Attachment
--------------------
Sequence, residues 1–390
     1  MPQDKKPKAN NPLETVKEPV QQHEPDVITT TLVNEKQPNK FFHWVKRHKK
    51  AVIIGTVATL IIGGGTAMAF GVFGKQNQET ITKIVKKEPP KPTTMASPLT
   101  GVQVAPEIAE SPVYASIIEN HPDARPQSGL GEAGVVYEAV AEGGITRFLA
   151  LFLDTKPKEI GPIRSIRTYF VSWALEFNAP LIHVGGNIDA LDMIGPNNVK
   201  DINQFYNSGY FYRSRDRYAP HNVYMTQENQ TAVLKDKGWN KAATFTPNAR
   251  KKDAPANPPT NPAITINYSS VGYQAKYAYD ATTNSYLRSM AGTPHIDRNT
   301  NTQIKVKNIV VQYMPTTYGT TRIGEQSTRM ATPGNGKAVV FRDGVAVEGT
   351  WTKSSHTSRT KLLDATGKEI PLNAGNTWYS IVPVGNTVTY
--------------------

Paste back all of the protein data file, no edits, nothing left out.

Sequence, residues 1–390
     1  MPQDKKPKAN NPLETVKEPV QQHEPDVITT TLVNEKQPNK FFHWVKRHKK
    51  AVIIGTVATL IIGGGTAMAF GVFGKQNQET ITKIVKKEPP KPTTMASPLT
   101  GVQVAPEIAE SPVYASIIEN HPDARPQSGL GEAGVVYEAV AEGGITRFLA
   151  LFLDTKPKEI GPIRSIRTYF VSWALEFNAP LIHVGGNIDA LDMIGPNNVK
   201  DINQFYNSGY FYRSRDRYAP HNVYMTQENQ TAVLKDKGWN KAATFTPNAR
   251  KKDAPANPPT NPAITINYSS VGYQAKYAYD ATTNSYLRSM AGTPHIDRNT
   301  NTQIKVKNIV VQYMPTTYGT TRIGEQSTRM ATPGNGKAVV FRDGVAVEGT
   351  WTKSSHTSRT KLLDATGKEI PLNAGNTWYS IVPVGNTVTY